As expected, Google announced its wireless service, Project Fi on the 22nd of April. Details about the program as just filtering in but this is a high level take on what it means to the mobile operator ecosystem/model and implications for handset and wireless device makers. This is a pretty exciting development that could have a long term impact on how we purchase, pay and manage our cellular devices.
During the Mobile World Congress in March, Google SVP, Sundar Pichai talked about Google getting into the business without providing much details. Today, Google unveiled the service and described how it would work. Here is the short and sweet of it. You can read the full details on the well documented FAQs page on the Google Fi website.
- Google is launching the service with the partnership of T-Mobile and Sprint in the operator space, Qualcomm in the chipset space and other undisclosed partners.
- Google is promising technology that will automatically switch between Wi-Fi and cellular LTE and within cellular- T-Mobile and Sprint based on coverage in the specific location.
- Google Fi service will cost $20 for voice and SMS package and $10 for every 1 GB of data. A smart spin on this plan is that Google will refund users on unused data. This makes it a good package for folks who have varying data use month over month.
- There is no family plan so to speak of right now.
- To begin with, the service will only work on Nexus 6 which costs $650. It is possible and likely that more devices will support this in the future.
- SMS to 120 countries is included in the Fi Basics plan. When in one of those 120 countries, no new data plan is required and the existing data plan (1 GB for $10) is sufficient. This makes it a truly global service.
The Fi service will get the other big elephant in the room, Apple, thinking. Apple could conceivably do an Apple Wireless service that aggregates all 4 carriers and work directly with customers. Apple tends to take a wait and watch approach on things of this scope and that will apply here too. If the model works for Google and it attacts a reasonable number of new subscribers, Apple might follow. This might also interest other players to consider a similar option- Facebook could conceivably bundle its growing set of apps and services and offer a carrier agnostic MVNO service. Microsoft could attempt something similar too although they seem like a far shot for this.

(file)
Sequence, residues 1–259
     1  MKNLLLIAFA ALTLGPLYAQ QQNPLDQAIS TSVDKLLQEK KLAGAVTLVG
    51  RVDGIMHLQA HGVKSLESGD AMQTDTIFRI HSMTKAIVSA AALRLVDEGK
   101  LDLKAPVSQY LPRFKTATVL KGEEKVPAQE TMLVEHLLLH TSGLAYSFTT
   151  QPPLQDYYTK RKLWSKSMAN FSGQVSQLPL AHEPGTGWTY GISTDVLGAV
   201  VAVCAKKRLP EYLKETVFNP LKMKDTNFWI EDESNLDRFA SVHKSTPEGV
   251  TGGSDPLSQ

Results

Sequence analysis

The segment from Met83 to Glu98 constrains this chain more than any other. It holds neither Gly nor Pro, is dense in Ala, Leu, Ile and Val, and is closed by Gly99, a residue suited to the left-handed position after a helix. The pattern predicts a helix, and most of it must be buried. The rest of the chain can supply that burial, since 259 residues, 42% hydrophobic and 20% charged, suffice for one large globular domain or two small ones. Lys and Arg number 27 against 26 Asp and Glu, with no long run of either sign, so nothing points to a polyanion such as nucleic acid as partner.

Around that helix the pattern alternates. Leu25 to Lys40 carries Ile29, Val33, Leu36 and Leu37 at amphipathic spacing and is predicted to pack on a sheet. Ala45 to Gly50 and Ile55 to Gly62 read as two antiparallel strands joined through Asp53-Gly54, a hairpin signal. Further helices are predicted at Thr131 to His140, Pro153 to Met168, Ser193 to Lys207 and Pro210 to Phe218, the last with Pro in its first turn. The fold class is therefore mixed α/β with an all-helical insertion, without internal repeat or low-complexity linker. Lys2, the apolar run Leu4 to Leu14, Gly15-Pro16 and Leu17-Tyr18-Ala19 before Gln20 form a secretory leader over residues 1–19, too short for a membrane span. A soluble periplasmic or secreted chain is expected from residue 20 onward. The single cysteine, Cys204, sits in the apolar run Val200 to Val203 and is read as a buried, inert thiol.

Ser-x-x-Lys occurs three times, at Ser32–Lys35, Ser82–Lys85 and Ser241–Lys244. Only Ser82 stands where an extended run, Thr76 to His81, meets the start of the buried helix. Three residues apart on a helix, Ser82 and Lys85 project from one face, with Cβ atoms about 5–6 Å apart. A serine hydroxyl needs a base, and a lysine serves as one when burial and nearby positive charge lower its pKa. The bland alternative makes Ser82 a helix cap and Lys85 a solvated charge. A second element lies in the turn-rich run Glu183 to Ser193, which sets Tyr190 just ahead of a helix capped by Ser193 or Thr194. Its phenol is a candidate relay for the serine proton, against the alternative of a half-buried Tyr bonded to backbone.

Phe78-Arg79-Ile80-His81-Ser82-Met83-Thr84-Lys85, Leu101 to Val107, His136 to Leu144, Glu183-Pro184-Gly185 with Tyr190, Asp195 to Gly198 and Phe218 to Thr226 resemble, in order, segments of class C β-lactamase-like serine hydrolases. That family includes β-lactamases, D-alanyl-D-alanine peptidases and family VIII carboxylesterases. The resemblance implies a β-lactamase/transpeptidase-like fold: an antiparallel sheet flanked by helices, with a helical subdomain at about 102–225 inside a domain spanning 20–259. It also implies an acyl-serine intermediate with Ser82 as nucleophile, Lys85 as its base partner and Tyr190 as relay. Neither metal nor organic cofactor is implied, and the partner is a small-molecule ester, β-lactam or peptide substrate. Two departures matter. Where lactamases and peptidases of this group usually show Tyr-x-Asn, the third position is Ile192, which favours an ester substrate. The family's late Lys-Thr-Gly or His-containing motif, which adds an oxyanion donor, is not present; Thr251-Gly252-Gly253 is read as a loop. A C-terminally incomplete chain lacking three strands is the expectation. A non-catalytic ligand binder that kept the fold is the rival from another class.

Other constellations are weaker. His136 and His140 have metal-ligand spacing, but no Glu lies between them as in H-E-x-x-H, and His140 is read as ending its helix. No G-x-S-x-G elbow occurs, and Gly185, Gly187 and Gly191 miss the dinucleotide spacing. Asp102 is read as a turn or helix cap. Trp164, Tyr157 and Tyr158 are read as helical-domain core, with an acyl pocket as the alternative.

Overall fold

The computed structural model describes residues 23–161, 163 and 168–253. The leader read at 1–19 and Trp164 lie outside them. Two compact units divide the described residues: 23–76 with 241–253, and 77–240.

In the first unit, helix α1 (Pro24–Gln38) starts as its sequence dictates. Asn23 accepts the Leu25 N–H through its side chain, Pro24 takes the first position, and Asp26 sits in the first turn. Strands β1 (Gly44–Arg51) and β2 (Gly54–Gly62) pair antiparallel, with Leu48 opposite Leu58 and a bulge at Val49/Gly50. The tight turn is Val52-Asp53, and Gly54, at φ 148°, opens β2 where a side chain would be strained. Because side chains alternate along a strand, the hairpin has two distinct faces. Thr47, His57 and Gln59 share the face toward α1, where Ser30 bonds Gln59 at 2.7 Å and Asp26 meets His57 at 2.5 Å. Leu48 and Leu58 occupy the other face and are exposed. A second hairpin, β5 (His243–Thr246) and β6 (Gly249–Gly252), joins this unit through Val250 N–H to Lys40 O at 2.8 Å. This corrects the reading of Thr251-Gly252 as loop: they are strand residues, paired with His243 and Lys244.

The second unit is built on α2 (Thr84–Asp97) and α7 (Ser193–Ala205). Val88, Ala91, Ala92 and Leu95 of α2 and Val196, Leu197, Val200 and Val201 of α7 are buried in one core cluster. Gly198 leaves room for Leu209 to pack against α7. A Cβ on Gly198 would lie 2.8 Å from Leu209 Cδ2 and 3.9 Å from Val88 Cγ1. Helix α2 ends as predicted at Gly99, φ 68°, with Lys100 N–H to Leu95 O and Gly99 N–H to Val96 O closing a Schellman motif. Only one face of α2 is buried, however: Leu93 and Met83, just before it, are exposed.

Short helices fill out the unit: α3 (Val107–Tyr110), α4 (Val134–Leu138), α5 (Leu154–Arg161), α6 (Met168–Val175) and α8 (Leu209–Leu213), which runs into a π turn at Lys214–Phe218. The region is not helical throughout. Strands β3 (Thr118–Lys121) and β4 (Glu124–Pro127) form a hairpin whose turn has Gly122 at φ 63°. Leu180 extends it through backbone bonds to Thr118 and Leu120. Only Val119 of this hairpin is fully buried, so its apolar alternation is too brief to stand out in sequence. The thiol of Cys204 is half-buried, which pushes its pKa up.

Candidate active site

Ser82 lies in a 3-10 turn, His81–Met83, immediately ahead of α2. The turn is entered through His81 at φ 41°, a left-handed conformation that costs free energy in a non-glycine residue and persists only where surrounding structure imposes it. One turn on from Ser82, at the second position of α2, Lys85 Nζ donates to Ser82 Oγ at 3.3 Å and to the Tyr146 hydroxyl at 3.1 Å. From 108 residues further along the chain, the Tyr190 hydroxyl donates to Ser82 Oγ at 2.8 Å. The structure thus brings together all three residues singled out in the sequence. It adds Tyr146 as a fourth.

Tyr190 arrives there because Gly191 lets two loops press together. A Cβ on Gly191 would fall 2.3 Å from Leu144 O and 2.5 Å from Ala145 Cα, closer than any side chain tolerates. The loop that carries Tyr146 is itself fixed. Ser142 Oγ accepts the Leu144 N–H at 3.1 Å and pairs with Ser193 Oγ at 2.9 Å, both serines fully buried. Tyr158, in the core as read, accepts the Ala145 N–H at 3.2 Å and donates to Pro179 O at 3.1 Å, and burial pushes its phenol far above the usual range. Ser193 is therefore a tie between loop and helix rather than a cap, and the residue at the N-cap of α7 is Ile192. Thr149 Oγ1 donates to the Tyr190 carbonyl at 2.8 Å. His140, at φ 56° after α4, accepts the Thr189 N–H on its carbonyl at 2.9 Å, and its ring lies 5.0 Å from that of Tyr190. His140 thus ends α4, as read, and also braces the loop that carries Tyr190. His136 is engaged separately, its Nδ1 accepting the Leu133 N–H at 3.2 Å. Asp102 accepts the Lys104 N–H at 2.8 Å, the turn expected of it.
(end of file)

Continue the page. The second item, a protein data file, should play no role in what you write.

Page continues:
How does this affect Android/Google’s relationship with the two other big carriers- AT&T and Verizon. In the past, Google has tried to break away from the carrier monopoly with out of contract unlocked phones. While the Nexus and Moto X/G/E program has been a success in many ways, Google has been unable to break the control carriers have on the system. Google Fi is a bolder approach at tackling the problem and it remains to be seen how it plays out. For the consumer, it would help if Google Fi succeeds. It will offer them an alternative to contract driven service tied to a single operator.
If Google can convince customers that they are a viable cellular service provider at a reasonable price offering good quality of service and customer support, there is a lot of opportunity in the space for an alternative solution to traditional mobile operators.
Devices and Ecosystem
Google needs to build not one but a slew of devices either by itself or through the Nexus program to prove the concept to the wider audience. A $650 6 inch device might not be compelling for many. But a smaller, cheaper Nexus 5 like device at $300 could do wonders for Fi. The Android ecosystem will be a huge plus to drive adoption. In a sense, it could trigger a virtuous cycle of customers adopting Google Fi service and increasing Android adoption and vice versa.
Google will also need other Android OEMs to join the party sooner than later. This is complicated since the OEMs have a long term relationship with ATT and Verizon. But variety of devices is critical for Google Fi to attain mass adoption.
Services and Local
Google can now aggregate other services into Fi. Local services, maps services, local business coupons, Google Local reviews, Google Shopping Express and many more services can be brought into the Google Fi offering. Services could be discounted for folks signing up for ads. The opportunities for an MVNO with a lot of ancillary services are very many. The sky is the limit and knowing Google, they will explore a lot of it. This could be the true value addition on top of the cellular service that customers and Google could benefit from.
Google has taken a big bold step in becoming a MVNO and offering a compelling argument to customers to switch to its service. If it can back its vision with devices, partners, and service, there is a big opportunity for them to build a whole new business.
You can see the launch video below.
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